Another way to break your computer would be to repeatedly hit it with a hammer. :wink: Now I presume you will not do that because you can foresee problems. So, to answer your question, don't do the silly things you propose. Read the circuit diagrams, work out what signal levels are acceptable. 300MHz will not be recognised by the Beeb which works at 2MHz so that will be OK but it cannot be applied to just any pin of a ROM; you have to know why you are applying what to where.

Check your constructions for shorts BEFORE connecting to the beeb. The Read/Not Write line, the clock and the address bus can be used to ensure you do not drive a data bus when something else is putting data onto it. Intermediate levels should not be a problem if you use 5v TTL.

Adding bits to the beeb is fun and can be very rewarding. Try the 1MHz bus for starters. There is a lot of information about that in the archives. Mike Cook's articles about Beeb body building in the Micro User will be a good place to start.
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Re: What's the worst that could happen?

Postby myelin » Fri Jan 05, 2018 10:28 pm

Definitely avoid doing initial testing of any hardware on a machine you *really* care about :) Maybe drop Mark at Retroclinic a line and ask if he has any beat up Model B machines or motherboards to sell. For your particular application you would probably be quite happy with one with a lot of damage (no disk, tape, serial, missing VIA etc) as long as the CPU, RAM, video, keyboard, and ROMs are working!
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Re: What's the worst that could happen?

Postby crj » Sat Jan 06, 2018 2:41 am

flaxcottage wrote:So, to answer your question, don't do the silly things you propose.

Well, obviously I intend not to...

(I'm currently winning an auction on a Model B, with only 12 hours to go. Fingers crossed.)

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Re: What's the worst that could happen?

Postby daveejhitchins » Sat Jan 06, 2018 5:50 am

crj wrote:(I'm currently winning an auction on a Model B, with only 12 hours to go. Fingers crossed.)
Good luck with your bidding, however, it's seems, these days, it's the last 12ns that count :lol:

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Re: What's the worst that could happen?

Postby crj » Sat Jan 06, 2018 9:02 pm

Lost that one too. Bidding on another.

I'm now up to twice what I originally intended to pay. Grr!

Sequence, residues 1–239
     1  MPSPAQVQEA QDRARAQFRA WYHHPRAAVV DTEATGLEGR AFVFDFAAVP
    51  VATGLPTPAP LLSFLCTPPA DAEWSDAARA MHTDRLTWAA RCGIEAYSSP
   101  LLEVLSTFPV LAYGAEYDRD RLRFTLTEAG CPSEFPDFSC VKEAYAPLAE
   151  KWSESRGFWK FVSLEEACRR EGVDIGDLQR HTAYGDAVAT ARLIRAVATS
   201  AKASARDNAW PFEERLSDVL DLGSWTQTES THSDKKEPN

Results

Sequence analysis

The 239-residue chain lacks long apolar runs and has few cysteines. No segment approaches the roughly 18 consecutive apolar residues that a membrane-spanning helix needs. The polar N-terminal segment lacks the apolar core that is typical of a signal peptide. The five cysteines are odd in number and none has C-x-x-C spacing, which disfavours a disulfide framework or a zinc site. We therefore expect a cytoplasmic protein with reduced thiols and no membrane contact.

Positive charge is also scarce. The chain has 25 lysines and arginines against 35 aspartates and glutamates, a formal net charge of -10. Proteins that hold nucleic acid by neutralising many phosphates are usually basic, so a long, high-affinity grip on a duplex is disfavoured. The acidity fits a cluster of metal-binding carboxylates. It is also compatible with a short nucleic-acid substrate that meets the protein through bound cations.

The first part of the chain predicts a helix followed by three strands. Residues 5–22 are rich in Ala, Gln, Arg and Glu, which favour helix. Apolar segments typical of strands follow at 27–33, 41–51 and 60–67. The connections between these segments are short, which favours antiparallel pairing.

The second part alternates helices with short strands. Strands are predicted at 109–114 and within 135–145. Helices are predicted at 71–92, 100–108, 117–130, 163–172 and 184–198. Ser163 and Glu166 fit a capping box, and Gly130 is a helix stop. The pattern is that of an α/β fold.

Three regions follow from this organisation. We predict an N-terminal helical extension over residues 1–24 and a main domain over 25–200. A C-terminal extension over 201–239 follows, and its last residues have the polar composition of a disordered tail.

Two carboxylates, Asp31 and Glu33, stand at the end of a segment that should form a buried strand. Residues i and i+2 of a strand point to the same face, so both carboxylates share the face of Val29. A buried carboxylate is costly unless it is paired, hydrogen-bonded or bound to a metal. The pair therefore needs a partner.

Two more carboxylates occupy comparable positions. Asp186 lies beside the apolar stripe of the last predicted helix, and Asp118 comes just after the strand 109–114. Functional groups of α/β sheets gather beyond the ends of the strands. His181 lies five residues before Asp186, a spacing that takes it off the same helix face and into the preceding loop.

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Re: What's the worst that could happen?

Postby myelin » Sat Jan 06, 2018 9:11 pm

crj wrote:Lost that one too. Bidding on another.

I'm now up to twice what I originally intended to pay. Grr!

What’s your budget? I’m sure someone on here might be able to help. I feel like random Beebs usually sell on eBay for £65-80, with Retroclinic-refurbished ones about double that.
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Re: What's the worst that could happen?

Postby crj » Sun Jan 07, 2018 1:57 am

Well, I was originally hoping to pick one up for £50 including P&P. I'm now up closer to £100 including P&P, so more than double the P&P-exclusive price.

If that's the going rate, that's the going rate, but hey.

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Re: What's the worst that could happen?

Postby cmorley » Sun Jan 07, 2018 9:00 am

I've got 3 B's I'm going to sell. Repaired motherboards with new PSU (X & C9) caps. Cases in typical goodish condition with ashtray popped... it's not a dev machine if the lid is on though! I need sensible money for one but not ebay lolprice (esp if no fees). I cleaned and repaired them last year just need to sort out the keyboards.

Mod the PCB for a 64K EPROM or I've got solderless kits which take <5mins to fit for the same (also EEPROM) to get ROMs (BASIC, filesystem, EXMON II etc) in without filling all ROM sockets or having a massive ROM board in the way of dev toys.

PM me if you're interested.

Or just watch all the sales over the next six weeks. The prices usually go down in Jan/Feb then back in March (people are skint after Christmas so demand drops) if you wait long enough you should get a fixer upper untested (means I tried it and it was broken) for £25-35 + P&P. Especially collection only. Good luck!

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Re: What's the worst that could happen?

Postby crj » Sun Jan 07, 2018 8:39 pm

cmorley wrote:I've got 3 B's I'm going to sell. [...]PM me if you're interested.

Thanks, but I just finally won an auction: £77.00 + P&P

Not LOLPRICE, but definitely OUCHPRICE. Still, I've bought it now. Assuming it arrives in one piece and works, I can get moving!

(I already have a magical mystery box which, amongst other things, contains some Retroclinic capacitors in preparation for this day. I'll do a this-month-I-received posting in due course, to save people the tedium of loads of little today-I-received postings.)